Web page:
Catholic Church in Venezuela Braces for Uncertain Times After Chavez
The socialist dictator, who once was very close to the Church, became more antagonistic after his 2000 re-election, but he reportedly reconciled prior to his death.
BY ALEJANDRO BERMUDEZ
| Posted 3/6/13 at 6:37 PM
ROME “We are prayerful; we are ready for uncertain times.”
This was the brief response Cardinal Jorge Urosa Sabino, archbishop of Venezuela, gave to the Register early today in Rome in reaction to the news that the charismatic and controversial Venezuelan leader Hugo Chavez had finally succumbed to cancer.
Cardinal Urosa, who is in Rome to participate in the conclave, also announced that he will celebrate in Rome “a public Mass to pray for the eternal repose of President Chavez.”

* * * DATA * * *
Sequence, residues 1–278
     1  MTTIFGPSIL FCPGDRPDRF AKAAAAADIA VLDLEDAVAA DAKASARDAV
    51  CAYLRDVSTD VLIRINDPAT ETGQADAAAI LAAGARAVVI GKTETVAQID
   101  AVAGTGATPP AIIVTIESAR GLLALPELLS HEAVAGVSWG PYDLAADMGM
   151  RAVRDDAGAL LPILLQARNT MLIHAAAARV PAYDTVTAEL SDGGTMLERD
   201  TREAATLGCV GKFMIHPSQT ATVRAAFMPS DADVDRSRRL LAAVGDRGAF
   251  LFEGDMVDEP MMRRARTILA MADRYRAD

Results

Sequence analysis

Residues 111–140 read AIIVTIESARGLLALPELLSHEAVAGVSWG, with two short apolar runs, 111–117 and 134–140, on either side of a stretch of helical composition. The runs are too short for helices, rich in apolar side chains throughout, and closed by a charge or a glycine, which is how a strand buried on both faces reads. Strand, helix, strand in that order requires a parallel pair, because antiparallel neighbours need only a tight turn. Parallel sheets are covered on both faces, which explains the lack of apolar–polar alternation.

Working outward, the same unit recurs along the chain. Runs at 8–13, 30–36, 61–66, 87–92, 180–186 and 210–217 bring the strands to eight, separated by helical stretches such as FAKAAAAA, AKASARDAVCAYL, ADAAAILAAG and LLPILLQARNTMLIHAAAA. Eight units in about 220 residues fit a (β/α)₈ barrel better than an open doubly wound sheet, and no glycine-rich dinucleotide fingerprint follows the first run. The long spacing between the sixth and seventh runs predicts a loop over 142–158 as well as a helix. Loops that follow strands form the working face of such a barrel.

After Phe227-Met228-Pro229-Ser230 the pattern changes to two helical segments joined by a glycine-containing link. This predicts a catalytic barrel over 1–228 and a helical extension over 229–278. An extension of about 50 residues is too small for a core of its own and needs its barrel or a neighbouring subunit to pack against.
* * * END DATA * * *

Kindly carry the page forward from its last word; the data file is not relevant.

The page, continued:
The death of Chavez was announced March 5 by Venezuela Vice President Nicolás Maduro. Military troops were immediately deployed in the country’s major cities, but most of the people who took to the streets were there to mourn Chavez’s death.
A former paratrooper who led a failed coup against President Carlos Andrés Pérez in 1992, Chavez was elected president of Venezuela in 1998. He subsequently introduced a new constitution that extended presidential terms, allowed re-election and altered the structure of the government. In 2000, he won re-election.
During his first two years of government, Chavez seemed very close to the Catholic Church: As a divorcee who could not take Communion, he nevertheless devoutly participated at major Catholic events, took on the bishops’ call for major economic reforms to reduce poverty in the oil-rich country and was outspoken in protecting the unborn and traditional marriage. (...)
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